It has always been a big grey area where the Brazilian Government has always been lax about the rules and looked the other way if the fine was payed.

Those days are soon over, the Brazilian government and immigration have announced that they will be clamping harder down on illegals and making it more difficult for them.

We are not sure exactly how this will be implemented or happen but it is a natural step in the country’s development as foreigners and expat Brazilians are flocking back to Brazil in huge numbers due to the opportunities.

On that note, here are some steps you can take as an illegal immigrant in Brazil to become legal:

Tip 1: Pay Fine, Leave and Come Back on a New Visa

The most common course of action for a person who has stayed over their limit is to go to the Polícia Federal at the airport on the way out of the country, pay the overstay fine and figure out another option abroad.

Then once abroad there are a vast amount of different visas to get you back on a more permanent basis such as:

  1. Student Visas
  2. Work Visas
  3. Volunteer Visas

Amongst other’s.

Keep in mind though, that you will need to leave Brazil to apply for a different type of visa as you will have to re-enter as a different visa status (exception: some family Visas as mentioned below).

The fastest and easiest of the visas above is definitely the student visa as it is less bureaucratic and quicker then volunteer visa – though if you can get a work visa then this will be even quicker.

I wrote a post on the 5 best visas to allow you to live permanently in Brazil, you can check it out here.

Tip 2: Start a Brazilian Family and Get a Permanent Visa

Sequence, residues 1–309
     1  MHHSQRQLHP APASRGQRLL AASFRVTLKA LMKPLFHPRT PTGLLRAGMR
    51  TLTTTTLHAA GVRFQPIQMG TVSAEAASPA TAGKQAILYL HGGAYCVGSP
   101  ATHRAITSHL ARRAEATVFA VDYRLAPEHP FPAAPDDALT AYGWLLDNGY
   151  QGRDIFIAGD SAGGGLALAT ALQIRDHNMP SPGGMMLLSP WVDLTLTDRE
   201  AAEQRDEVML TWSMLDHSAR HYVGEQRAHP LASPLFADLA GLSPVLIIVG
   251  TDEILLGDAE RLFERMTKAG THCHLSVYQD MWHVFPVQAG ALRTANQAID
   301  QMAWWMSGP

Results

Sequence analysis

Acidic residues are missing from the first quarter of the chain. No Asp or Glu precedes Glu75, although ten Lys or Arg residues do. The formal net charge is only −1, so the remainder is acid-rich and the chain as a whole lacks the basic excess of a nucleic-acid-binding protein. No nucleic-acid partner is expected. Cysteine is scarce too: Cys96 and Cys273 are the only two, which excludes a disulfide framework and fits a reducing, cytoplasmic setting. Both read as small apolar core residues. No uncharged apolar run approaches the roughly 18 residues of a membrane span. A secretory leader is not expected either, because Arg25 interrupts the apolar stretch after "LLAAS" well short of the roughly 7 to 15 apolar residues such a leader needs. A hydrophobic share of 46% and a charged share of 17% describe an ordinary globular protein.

Sounds easy enough right?  Well, many single people come to Brazil because of love or couples come with plans on having a child in Brazil.

Let me break them down for you individually:

1: Permanent Visa Based on a Stable Union



If you’ve been in a relationship with a Brazilian for at least a year and can prove this either locally in Brazil or abroad, then you can apply for residence based on a stable partnership.

This is the most common visa amongst the LGBT community but it functions for people in hetorosexual relationships as well.

You will need to prove that you have been in a stable union by getting a testimony from the country you lived in together or from the Brazilian family courts.

Listen to this podcast as I go over the Stable Union visa in more detail.

2: Permanent Visa Based on Brazilian Spouse



If you are married to a Brazilian or considering being married, after the marriage you can go to the Federal Police and apply for your permanent residence irregardless of the fact that you are staying legally or illegally.  This has to do with it being the right of a Brazilian national to be able to live with their spouse.

It is a pretty straight forward process and requires that you pay a visit to the Federal Police office closest to you to ask about the current requirements.

and requirements on how to apply (in Portuguese).

3: Permanent Visa Based on Brazilian Dependent

Is having a child the next logical step in your relationship or marriage as two foreigners wanting to live in Brazil?

Then why not consider having your child in Brazil?